Mali Orange relief as international calls syndicate dismantled

By Issa Sikiti da Silva

Mali Orange investors and management are breathing a sigh of relief after two brothers who used the company network to allegedly operate an illegal international calls business for the past six months were arrested last week in the capital Bamako.

The two Malians, who are thought to have been working for a US-based Cameroon national, are said to have made thousands of dollars using a 32-port Sim box and a computer. Police said the two alleged criminals were caught with 276 Orange sim cards, one CPU and cash.

Police chief inspector Papa Mambi Kéita said the two brothers were being paid a monthly ‘salary’ of 200 000 FCFA (US$400) by the Cameroonian.

Interpol has been notified on the Cameroonian's role in the crime and efforts are being made to track him down in the US. 

Keita, who is in charge of the anti-cybercrime unit, said the two brothers used to, among others, hide incoming calls made on the Orange network by bypassing their normal route.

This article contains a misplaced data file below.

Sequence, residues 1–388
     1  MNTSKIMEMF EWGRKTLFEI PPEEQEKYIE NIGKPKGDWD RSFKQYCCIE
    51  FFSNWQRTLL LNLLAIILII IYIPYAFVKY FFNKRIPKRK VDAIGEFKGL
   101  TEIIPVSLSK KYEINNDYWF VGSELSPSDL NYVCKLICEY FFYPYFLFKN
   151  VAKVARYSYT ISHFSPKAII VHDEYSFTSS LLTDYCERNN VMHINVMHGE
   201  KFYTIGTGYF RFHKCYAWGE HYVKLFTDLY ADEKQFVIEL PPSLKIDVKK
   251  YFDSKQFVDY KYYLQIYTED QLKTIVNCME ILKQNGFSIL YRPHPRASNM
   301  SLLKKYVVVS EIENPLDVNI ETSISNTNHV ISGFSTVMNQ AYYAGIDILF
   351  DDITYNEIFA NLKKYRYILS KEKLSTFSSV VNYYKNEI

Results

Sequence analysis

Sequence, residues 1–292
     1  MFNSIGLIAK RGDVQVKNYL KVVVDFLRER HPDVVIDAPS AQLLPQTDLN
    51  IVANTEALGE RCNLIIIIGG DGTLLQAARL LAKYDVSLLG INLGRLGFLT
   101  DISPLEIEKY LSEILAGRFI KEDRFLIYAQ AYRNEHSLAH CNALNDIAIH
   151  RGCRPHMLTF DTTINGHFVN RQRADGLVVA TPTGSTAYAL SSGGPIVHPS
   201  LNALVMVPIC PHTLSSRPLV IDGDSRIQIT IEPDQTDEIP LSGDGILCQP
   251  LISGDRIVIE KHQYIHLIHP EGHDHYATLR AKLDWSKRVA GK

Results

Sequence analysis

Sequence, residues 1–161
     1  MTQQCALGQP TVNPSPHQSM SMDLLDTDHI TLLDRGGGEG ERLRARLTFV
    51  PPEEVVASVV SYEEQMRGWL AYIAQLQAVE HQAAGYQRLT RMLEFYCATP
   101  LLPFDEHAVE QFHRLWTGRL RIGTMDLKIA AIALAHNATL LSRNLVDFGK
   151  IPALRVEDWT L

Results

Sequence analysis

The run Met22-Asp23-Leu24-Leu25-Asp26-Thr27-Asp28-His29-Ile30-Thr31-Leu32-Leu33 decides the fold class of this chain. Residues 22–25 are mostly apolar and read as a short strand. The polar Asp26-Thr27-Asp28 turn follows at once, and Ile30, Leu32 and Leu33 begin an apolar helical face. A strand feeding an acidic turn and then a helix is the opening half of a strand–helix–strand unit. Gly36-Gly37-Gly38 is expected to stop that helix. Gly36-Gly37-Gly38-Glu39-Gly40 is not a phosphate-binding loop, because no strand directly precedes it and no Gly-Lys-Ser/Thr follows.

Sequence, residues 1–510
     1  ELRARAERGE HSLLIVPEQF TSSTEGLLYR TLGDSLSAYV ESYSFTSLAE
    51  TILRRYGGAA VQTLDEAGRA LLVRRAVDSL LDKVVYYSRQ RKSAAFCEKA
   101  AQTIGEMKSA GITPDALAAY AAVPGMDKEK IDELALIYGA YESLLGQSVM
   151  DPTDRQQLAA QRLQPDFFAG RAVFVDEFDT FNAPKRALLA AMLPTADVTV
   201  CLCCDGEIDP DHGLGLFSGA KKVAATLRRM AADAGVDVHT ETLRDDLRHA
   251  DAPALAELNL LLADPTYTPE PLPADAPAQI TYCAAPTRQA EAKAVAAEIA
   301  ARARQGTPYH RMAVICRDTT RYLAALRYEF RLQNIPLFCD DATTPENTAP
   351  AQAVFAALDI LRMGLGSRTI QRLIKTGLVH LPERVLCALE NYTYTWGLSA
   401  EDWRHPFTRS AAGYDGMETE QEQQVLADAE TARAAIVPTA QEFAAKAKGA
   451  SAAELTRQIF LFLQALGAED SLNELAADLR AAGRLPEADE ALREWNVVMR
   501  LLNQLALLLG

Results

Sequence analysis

This practice is widespread across the African continent, where the cost of international calls is much higher than the global average.

In many countries, landline subscribers often complain of interference in their lines and report an unusual increase of monthly telephone bills.

 “When you come back from a long trip and haven’t made any international call in the past two years, and you see a telephone bill amounting to 500 000 FCFA (US$1 000), you must know that something is very wrong somewhere,” Aliyah Coulibaly said this week.

 

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